July 19 Energy News

July 19, 2016

Science and Technology:

¶ The co-pilots and founders of Solar Impulse, the remarkable solar powered plane that is making a ground-breaking flight around the world, have made a stunning prediction: There will be short-haul electric planes for up to 50 people operating within 10 years. Charging the planes would be on the ground, however. [CleanTechnica]

Solar Impulse 2 above the clouds.

Solar Impulse 2 above the clouds.

¶ Scientists have found yet another issue with fracking. Asthma patients are 1.5 to four times more likely to have asthma attacks if they live near bigger or a larger number of unconventional natural gas development wells, according to a study published Monday in the Journal of the American Medical Association Internal Medicine. [CNN]

¶ Trials of wind assisted propulsion are going on, but there is not enough information on the real-life performance of different systems and hull variations. All of today’s experiments still see squared cross section hulls for optimal holding capacity. As experiments continue, data collection is key to develop reliable models. [The Motorship]

The Hybrid Flettner Freighter from C-Job will be added to the limited wind-assisted fleet.

The Hybrid Flettner Freighter from C-Job
will be added to the limited wind-assisted fleet.

World:

¶ The Indian minister for civil aviation recently announced that as many as 143 airports around the country will install a total of 148 MW of solar capacity over the next few months. According to the Airports Authority of India, 16 airports already have 5.4 MW, in addition to Kochi International Airport’s 12 MW. [CleanTechnica]

¶ Australian infrastructure investor Lyon Group says it plans to build the world’s biggest solar plus storage project in South Australia in the next two years, and sees a huge future for combined solar and battery storage plants. The first project for South Australia includes 100 MW of solar PVs and 40 MW of storage. [RenewEconomy]

Lyon solar and storage.

Lyon solar and storage.

¶ The European Commission is considering proposing 2030 targets for alternative transport fuels such as renewable electricity, natural gas and biofuels, according to an unofficial draft strategy paper seen by S&P Global Platts. The targets could involve obliging fuel suppliers to provide a certain share of alternative energy sources. [Platts]

¶ Senvion has erected the first of 46 3.2M114 turbines at the 150-MW Mesgi’g Ugju’s’n wind farm in Quebec, the company’s first 3-MW unit in North America. The project, a 50-50 joint venture between Innergex and three Mi’gmaq Nations of Quebec, is expected to be commissioned by the end of 2016. [reNews]

Senvion 3.2m114 turbine. Senvion image.

Senvion 3.2m114 turbine. Senvion image.

¶ The European country leading the charge on incorporating renewable energy into its power grid, is testing a specialized algorithm that could help with predicting levels of solar and wind power. The machine-learning program could assist grid operators in calculating renewable-energy output over the next 48 hours. [R & D Magazine]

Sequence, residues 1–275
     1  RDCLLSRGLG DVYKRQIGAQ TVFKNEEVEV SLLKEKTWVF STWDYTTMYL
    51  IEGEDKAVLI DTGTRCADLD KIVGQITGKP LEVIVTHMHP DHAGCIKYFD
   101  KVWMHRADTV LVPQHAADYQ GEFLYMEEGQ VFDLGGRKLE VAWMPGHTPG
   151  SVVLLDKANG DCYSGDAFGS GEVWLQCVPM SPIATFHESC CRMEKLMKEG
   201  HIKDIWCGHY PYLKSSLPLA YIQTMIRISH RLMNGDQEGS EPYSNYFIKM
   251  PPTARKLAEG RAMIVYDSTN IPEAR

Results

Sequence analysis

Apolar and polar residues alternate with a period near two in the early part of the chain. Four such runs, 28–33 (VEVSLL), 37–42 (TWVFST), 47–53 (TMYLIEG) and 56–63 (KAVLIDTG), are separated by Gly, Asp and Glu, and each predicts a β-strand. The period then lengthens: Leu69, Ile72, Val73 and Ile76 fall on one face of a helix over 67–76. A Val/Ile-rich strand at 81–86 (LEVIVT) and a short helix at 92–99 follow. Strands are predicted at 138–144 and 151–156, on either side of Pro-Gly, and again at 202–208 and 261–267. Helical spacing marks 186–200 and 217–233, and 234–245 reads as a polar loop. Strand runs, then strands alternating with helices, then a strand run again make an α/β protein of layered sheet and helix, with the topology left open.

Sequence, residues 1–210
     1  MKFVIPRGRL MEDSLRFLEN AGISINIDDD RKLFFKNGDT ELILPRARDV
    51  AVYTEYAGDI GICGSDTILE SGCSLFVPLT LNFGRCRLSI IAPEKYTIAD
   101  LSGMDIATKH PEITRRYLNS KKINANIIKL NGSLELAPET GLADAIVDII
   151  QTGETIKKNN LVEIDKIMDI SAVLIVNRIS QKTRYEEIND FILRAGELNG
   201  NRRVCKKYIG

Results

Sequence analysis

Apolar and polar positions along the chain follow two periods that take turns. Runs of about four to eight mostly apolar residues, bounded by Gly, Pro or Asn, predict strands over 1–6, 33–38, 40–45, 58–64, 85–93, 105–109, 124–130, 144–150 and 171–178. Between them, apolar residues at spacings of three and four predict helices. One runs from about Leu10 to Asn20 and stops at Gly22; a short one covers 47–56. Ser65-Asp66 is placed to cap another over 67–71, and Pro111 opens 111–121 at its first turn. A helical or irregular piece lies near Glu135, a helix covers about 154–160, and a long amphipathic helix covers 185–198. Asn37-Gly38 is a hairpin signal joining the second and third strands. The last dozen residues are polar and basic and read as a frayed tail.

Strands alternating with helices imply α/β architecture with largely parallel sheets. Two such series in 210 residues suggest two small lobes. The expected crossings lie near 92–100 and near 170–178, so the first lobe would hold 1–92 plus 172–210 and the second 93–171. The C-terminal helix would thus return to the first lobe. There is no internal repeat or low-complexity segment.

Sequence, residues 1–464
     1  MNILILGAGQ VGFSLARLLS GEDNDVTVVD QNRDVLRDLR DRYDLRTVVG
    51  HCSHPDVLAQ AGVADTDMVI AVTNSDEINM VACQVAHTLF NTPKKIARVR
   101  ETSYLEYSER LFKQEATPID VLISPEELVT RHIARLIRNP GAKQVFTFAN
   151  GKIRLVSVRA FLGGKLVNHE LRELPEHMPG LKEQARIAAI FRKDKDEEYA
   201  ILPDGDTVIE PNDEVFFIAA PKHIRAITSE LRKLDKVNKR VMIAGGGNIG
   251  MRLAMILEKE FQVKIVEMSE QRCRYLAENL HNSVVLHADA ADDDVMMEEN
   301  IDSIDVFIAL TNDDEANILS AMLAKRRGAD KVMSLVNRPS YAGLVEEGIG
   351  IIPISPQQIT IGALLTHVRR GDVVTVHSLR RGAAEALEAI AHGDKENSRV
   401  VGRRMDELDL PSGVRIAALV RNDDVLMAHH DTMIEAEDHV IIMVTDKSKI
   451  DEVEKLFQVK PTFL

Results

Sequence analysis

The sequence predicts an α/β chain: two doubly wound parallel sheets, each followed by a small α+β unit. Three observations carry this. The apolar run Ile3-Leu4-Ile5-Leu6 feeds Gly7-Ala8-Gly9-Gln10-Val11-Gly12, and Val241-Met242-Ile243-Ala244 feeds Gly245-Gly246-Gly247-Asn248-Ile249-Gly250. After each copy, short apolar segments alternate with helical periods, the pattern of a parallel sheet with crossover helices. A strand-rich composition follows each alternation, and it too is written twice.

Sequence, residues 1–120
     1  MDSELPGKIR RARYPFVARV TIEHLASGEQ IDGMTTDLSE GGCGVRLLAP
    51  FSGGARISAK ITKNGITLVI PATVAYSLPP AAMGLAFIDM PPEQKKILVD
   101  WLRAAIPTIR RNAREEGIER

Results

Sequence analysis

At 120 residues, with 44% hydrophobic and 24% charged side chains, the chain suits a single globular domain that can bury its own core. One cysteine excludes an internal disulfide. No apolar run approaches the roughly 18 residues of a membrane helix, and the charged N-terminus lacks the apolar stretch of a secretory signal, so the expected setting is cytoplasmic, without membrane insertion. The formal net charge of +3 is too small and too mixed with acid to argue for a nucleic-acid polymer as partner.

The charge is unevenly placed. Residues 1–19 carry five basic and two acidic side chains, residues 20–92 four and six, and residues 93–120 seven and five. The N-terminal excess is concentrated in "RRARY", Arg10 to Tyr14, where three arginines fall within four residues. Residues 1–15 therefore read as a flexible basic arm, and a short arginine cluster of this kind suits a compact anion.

¶ A building boom is underway offshore in Europe with hundreds of turbines being installed. With low oil prices, all this building work might seem to make little economic sense. But with falling prices for offshore wind power, the cost of electricity from new offshore wind is almost 30% cheaper than new nuclear. [The Ecologist]

Offshore wind farm. Photo by Tycho. CC BY-SA 3.0. Wikimedia Commons.

Offshore wind farm. Photo by Tycho. CC BY-SA 3.0. Wikimedia Commons.

¶ The Indian government will double the target for energy to be generated from solar parks by 2020, a top official said, as roof-top installations have failed to take off and US company SunEdison’s projects are threatened by its bankruptcy. A new generation target of 40,000 MW for solar parks is said to be likely to be approved. [domain-B]

¶ Victoria has approved a $650 million, 96-turbine windfarm that will be the largest in the state as it bids to become Australia’s renewable energy leader. The Dundonnell project will create 300 direct and indirect jobs during construction, and the turbines will generate enough power for 140,000 homes. [The Guardian]

Wind turbine in Toora, Victoria. Photo by fir0002 | flagstaffotos.com.au. CC BY NC. Wikimedia Commons.

Wind turbine in Toora, Victoria. Photo by fir0002 | flagstaffotos.com.au.
CC BY NC. Wikimedia Commons.

¶ Up to 6% of Britain’s peak electricity requirement, or 9.8 GW, could be met by businesses better managing their electricity demand and onsite generation, according to a new report from the Association for Decentralised Energy. Demand-side responses have the potential to save UK consumers £600 million by 2020. [City A.M.]

US:

¶ The US DOE just awarded a new round of $15 million in funding for three projects focusing on lowering the cost of algae biofuel production. The new effort follows upon an $18 million round last year. Some researchers say algae could be 10 or even 100 times more productive than traditional bioenergy feedstocks. [CleanTechnica]

“Raceway” type algae farm courtesy of Global Algae Innovations.

“Raceway” type algae farm courtesy of Global Algae Innovations.

¶ With a $5.9 million grant from the California Energy Commission, the San Diego Port Tenants Association announced Monday that seven of its partner tenants will receive all-electric forklifts and heavy-duty trucks. The vehicles emit zero greenhouse gas emissions and run almost as quietly as golf carts. [The San Diego Union-Tribune]

¶ Diablo Canyon Power Plant set to shut down in nine years, so Pacific Gas and Electric is studying just how to go about decommissioning the plant, including how to fund the shutdown. A taxpayer trust fund is currently at about $3 billion, but shutting down the plant is expected to cost of nearly $4 billion. [KSBY San Luis Obispo News]

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